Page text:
Posts Tagged ‘market’

What’s the state of the economy? (Russell Investments)

Friday, May 22nd, 2009

[Editor's note: Very nice Flashed-based interactive showing 7 indicators, their extreme historic ranges, typical ranges, and current value/rate and trend. Thanks Sarah!]

Republished from Russell Investments.

To help you talk to your clients, we’ve identified a few key economic and market indicators to help assess the current economic health and trend.

Interact with the original at Russel Investments . . .

stateofeconomyrussel

Credit Crunch Board Game (Economist)

Sunday, January 4th, 2009

[Editor's note: Game board amusements were the rage in 2008 print from sports to the credit crunch. This entry a Christmas present from the Economist. See related content from Harpers on The $10 Trillion Hangover - Paying the Price for Eight Years of Bush.]

Republished from the Economist.

YOU WILL NEED:

  • The board from the centre of The Economist’s Christmas issue (or pdf version of board below)
  • These rules
  • Risk cards, currency and icons from the pdfs below (or you can use your diamond cufflinks, or any other mementos of your former wealth, to represent you on the board)
  • Four coins
  • Scissors (to cut out currency and cards)
  • Three or more players; probably six at most

HOW IT WORKS

Players start with 500m econos each. One player doubles as banker.

Players move round by throwing four coins and progressing as many squares as they throw heads. If a player throws four heads, he moves forward four spaces and has another turn; if he throws four tails, he throws again. When a player lands on a + square, he collects money from the bank; equally, when he lands on a minus square, he pays the bank.

The aim is to be the last solvent player. In order to achieve this, players try to eliminate the competition. Risk cards encourage players to pick on each other.

Players who cannot pay their fines may borrow from each other at any rate they care to settle on—for instance, 100% interest within three turns. They should negotiate with the other players to get the best rate possible. Players who cannot borrow must either go into Chapter 11 or be taken over.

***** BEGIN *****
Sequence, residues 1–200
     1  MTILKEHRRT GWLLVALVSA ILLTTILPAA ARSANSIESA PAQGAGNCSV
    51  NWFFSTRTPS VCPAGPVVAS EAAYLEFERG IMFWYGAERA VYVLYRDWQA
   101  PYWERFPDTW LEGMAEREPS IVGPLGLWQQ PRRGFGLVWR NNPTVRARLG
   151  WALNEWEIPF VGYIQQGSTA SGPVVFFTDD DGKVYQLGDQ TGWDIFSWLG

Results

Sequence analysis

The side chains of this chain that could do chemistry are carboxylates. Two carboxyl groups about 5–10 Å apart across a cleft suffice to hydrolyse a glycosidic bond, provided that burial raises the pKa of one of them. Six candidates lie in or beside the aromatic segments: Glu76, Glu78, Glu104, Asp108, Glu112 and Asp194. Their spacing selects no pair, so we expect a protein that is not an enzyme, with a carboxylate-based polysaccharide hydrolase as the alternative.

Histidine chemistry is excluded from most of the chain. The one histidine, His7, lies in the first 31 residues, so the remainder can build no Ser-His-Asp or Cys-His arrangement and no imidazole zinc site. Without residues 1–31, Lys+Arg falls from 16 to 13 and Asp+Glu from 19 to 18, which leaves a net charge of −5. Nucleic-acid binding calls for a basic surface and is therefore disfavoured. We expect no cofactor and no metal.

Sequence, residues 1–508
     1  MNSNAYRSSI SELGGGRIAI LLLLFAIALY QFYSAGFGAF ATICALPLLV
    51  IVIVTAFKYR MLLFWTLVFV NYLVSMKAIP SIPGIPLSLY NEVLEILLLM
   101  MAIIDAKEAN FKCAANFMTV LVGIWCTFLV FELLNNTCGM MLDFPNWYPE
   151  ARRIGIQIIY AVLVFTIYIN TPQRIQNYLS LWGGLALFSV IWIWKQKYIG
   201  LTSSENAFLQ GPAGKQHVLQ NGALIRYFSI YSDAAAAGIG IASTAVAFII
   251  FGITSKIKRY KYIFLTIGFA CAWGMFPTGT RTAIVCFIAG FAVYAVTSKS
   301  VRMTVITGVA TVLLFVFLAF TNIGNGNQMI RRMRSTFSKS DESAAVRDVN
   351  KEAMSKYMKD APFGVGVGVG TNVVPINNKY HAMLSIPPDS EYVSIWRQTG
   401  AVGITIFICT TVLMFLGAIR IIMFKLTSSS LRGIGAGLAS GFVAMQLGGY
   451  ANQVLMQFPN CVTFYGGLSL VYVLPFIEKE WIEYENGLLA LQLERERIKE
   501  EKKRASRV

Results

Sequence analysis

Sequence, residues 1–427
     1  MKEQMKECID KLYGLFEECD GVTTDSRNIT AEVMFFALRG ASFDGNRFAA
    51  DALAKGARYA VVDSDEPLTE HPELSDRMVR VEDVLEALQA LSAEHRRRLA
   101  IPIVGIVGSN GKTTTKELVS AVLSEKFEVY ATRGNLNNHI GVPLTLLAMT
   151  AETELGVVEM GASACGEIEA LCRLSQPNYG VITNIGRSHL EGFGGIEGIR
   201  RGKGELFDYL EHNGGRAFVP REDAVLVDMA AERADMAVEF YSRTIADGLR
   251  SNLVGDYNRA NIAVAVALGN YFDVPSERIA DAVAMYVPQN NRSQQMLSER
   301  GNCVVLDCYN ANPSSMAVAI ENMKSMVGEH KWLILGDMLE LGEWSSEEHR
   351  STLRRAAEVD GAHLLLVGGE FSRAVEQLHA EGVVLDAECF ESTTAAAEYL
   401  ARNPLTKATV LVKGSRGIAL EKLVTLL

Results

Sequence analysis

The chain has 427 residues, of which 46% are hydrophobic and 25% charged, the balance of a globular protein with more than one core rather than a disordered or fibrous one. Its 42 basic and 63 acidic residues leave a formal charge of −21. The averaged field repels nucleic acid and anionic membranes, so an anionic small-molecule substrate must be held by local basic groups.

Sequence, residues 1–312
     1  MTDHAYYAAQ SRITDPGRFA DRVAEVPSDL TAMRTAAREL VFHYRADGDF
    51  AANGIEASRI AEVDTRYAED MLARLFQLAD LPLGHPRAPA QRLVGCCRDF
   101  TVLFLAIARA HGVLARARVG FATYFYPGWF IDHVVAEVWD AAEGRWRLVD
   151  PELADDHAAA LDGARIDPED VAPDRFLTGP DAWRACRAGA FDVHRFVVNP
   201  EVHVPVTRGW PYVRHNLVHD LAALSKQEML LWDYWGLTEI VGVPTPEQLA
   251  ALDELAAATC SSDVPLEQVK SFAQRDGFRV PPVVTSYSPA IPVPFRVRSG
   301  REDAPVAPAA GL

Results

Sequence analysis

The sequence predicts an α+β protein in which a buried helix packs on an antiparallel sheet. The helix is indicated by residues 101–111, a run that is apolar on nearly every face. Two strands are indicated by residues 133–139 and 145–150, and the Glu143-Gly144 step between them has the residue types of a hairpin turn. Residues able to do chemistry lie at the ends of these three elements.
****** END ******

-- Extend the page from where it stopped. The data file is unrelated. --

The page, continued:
Players may conceal their assets from each other. 

Continue reading and download board game assets . . .

 

New 7 Jan. 2009: 

Econopoly from The Washington Post.

Superbowl Game (2008)

The Debt Trap (NY Times)

Monday, September 29th, 2008

The New York Times has a great collection of interactive graphics and other multimedia and articles explaining the background of the financial crisis. This package was put together before this last fortnight’s market tourmoil, but still a good read.

Topics include:

Home Equity Loans

Rise of Credit Spreads Worldwide Outside US

Debt Hitting Home Across Classes and Ages

Calculator to Determine Your Personal Debt Load and How it Compares with Average

View the Debt Trap at nytimes.com . . .

Carbon Report Available: Data and Statistics

Wednesday, March 12th, 2008

point carbon logo(From VectorOne) Point Carbon released a report (pdf press release) in Copenhagen, Denmark yesterday at the Carbon Market Insights Conference 2008. The report explores in-depth the following key findings (lots of numbers here):

Global carbon markets worth USD $60 billion (€40 billion) in 2007, up by 80 percent from 2006. The total traded volume increased by 64 percent from 1.6 Gt (1.6 billion tons) in 2006 to 2.7 Gt in 2007.

“Point Carbon predicts that the global carbon market will see 4.2 billion tons
carbon emissions (CO2e) transacted during 2008, up 56 percent from 2007.
At today’s prices, that would make the market worth USD $92 billion (€63 billion).”

There seems to be a generally bullish sentiment on carbon, not necessarily reflected in current market prices. Survey respondents now on average expect a carbon price of USD $37/ton (€24/ton) in 2010 and USD $ 54/ton (€35/ton) in 2020, which is USD $9 (€6) and USD $15 (€10) higher, respectively, than they expected a year ago. This demonstrates that market participants now realize that the EU ETS will face a considerable shortage and that much of this will have to be met through reductions taking place in Europe.

Continue reading original post at Vector One …